Megaupload, one of the world's largest file-sharing sites, was shut down Thursday by the U.S. government.
Its founder, Kim Schmitz, and several company executives were arrested in New Zealand at the request of the U.S. officials for mass copyright infringement and conspiracy to commit money laundering, reports Wired.com.
This is not the first case where government probed into Web sites and shut down their activities calling it illegal or against the interest of common people.
There is a list of five other countries which took severe and strict steps towards shutting down the activities of various Web sites and at times even cut the entire Internet.
1. 1.3 Million Web sites Including Facebook, Twitter, YouTube Banned in China
Internet censorship of China has given birth to an array of laws and administrative regulations following which more than one million Web sites were closed down in China in 2010. The list of shut down Web sites includes some Internet giants such as Facebook, Twitter and YouTube too.
The Chinese government has regularly imposed ban on YouTube for uploading footages of the Tibetan movement. Twitter and Facebook were also banned for becoming source of information about internal news and events. Other Web sites like Metacafe, Technorati and Tumblr also were blocked in China.
Additionally, due to Chinese Internet censorship, Google had to establish a Chinese version of the Web site as most of the Google.com content was not accessible in China.
2. Pakistan Bans Facebook, YouTube
When an Everybody draw Mohammed! competition was launched on Facebook by a young American woman, Justice Sh Azmat Saeed of the Lahore High Court ordered the Ministry of Information and Technology to block access to all networking Web sites for spreading religious hatred on Internet.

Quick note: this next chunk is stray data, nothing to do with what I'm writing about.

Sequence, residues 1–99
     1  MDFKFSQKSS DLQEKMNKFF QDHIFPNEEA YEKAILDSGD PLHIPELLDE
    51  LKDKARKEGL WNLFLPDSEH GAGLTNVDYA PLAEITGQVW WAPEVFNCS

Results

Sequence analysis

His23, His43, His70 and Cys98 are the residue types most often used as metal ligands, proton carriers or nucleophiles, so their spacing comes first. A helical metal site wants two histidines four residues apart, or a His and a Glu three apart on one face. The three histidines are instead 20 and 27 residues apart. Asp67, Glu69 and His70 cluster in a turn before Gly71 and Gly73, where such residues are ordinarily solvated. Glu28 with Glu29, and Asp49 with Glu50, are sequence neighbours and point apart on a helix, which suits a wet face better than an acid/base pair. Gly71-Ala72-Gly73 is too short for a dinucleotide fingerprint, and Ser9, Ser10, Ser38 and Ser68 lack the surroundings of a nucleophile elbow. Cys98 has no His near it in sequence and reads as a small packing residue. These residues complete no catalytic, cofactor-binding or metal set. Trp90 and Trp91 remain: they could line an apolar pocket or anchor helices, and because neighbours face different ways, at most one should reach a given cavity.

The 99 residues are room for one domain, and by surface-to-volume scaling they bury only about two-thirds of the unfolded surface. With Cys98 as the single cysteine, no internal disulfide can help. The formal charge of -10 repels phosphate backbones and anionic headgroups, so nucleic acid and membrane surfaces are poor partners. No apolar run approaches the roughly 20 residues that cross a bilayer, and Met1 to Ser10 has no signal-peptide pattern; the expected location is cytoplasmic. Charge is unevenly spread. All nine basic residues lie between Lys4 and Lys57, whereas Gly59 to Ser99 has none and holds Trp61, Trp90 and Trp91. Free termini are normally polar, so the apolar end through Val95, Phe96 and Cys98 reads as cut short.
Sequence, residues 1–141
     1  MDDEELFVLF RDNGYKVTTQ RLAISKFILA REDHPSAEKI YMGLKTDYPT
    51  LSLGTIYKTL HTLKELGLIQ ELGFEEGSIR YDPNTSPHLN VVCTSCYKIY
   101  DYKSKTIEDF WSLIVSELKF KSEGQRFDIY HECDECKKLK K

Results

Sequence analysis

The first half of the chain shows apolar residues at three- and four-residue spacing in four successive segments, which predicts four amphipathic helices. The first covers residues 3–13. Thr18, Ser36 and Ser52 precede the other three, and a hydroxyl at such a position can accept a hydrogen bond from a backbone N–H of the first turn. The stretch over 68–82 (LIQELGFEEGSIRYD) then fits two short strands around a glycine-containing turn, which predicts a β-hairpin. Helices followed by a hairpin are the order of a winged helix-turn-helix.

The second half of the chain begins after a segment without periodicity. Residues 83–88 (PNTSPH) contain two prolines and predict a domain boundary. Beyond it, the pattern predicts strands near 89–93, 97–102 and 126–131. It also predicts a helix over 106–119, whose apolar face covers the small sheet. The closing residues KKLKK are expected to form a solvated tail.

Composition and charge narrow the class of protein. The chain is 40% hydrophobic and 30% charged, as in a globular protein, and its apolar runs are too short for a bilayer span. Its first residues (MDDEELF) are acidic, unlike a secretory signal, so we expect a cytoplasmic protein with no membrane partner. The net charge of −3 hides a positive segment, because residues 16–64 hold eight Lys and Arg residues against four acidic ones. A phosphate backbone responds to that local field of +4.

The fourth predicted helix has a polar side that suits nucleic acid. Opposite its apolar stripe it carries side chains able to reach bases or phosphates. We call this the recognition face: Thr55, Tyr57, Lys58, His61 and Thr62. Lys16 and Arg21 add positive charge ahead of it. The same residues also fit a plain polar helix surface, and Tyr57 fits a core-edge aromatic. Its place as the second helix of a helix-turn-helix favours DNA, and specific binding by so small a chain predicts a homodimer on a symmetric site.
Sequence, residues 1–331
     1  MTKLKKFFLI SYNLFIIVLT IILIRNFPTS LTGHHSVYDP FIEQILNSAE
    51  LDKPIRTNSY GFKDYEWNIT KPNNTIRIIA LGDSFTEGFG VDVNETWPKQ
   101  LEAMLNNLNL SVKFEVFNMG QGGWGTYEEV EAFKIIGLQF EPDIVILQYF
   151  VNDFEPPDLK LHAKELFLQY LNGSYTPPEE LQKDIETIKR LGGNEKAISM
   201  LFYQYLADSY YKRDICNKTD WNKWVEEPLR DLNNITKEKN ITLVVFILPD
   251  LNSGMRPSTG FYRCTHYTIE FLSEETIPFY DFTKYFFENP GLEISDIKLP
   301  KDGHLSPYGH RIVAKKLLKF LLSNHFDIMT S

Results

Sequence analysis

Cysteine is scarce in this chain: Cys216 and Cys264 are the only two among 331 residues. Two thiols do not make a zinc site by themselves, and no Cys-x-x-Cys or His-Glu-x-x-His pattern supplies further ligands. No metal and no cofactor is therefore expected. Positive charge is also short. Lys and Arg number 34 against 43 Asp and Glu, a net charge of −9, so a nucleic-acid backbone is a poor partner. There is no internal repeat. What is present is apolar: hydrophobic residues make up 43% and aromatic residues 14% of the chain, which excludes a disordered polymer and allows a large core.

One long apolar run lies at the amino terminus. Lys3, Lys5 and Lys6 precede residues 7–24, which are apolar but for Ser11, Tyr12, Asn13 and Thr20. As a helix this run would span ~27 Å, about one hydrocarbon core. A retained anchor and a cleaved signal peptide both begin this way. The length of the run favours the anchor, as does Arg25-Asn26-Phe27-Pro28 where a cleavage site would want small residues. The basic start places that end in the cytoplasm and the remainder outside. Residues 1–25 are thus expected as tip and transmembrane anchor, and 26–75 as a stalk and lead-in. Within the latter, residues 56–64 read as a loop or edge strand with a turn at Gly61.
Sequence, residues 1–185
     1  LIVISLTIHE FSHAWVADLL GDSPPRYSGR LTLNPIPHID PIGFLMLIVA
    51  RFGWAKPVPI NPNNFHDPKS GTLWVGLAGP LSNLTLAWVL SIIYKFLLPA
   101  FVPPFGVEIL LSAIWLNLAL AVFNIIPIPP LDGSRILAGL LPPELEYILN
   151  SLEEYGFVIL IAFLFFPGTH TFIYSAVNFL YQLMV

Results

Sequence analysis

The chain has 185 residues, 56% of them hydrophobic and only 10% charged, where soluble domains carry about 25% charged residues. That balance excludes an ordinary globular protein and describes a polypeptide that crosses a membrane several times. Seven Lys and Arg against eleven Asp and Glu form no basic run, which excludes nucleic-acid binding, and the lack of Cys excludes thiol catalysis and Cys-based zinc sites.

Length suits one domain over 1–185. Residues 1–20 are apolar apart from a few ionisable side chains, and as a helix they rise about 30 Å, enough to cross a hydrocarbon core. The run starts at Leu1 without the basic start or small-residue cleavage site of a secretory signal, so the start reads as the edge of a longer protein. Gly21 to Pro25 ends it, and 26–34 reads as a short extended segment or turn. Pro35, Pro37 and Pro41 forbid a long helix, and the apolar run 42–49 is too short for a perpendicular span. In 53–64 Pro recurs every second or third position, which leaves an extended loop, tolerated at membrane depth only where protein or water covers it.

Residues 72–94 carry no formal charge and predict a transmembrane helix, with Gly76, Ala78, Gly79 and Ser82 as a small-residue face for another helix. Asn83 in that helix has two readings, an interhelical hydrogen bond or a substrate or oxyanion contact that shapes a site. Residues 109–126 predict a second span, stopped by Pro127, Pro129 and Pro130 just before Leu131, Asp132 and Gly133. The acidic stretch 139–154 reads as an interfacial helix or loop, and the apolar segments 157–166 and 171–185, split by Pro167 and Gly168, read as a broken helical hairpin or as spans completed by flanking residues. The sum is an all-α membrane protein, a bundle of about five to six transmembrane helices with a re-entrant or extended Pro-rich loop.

The Pakistani government imposed a temporary ban on YouTube for broadcasting blasphemous footage.
3. Russia Bans Anti-Election Web Sites
After the 2011 election, the Russian government imposed ban on Web sites that claimed that the Russian elections had been held in an improper manner and that the election had been fixed over the Internet.
4. Internet Access Barred in Iran
In 2009 and 2011, during the planned protests against Iranian President Mahmoud Ahmadinejad, Internet access was barred by the government. According to Agence France Presse, shutting down the Internet and telephone connection was a decision by the authorities and not a technical breakdown.
Recently, the Iranian regime, which considers the Internet to be un-Islamic, has decided to build a country-wide Intranet in its place. Once the new Intranet policy is put into action, 23 million Iranians will lose their Internet access.
5. Egypt Unrest and Internet Shut Down
The uprising in Egypt, which started as a non-violent civil resistance movement in early 2011, later turned into series of demonstrations, civil disobedience, labor strikes and violence on several occasions.
The Egyptian government shut down the Internet to stop communication between protest groups which was viewed as restriction on free speech and press and was condemned globally.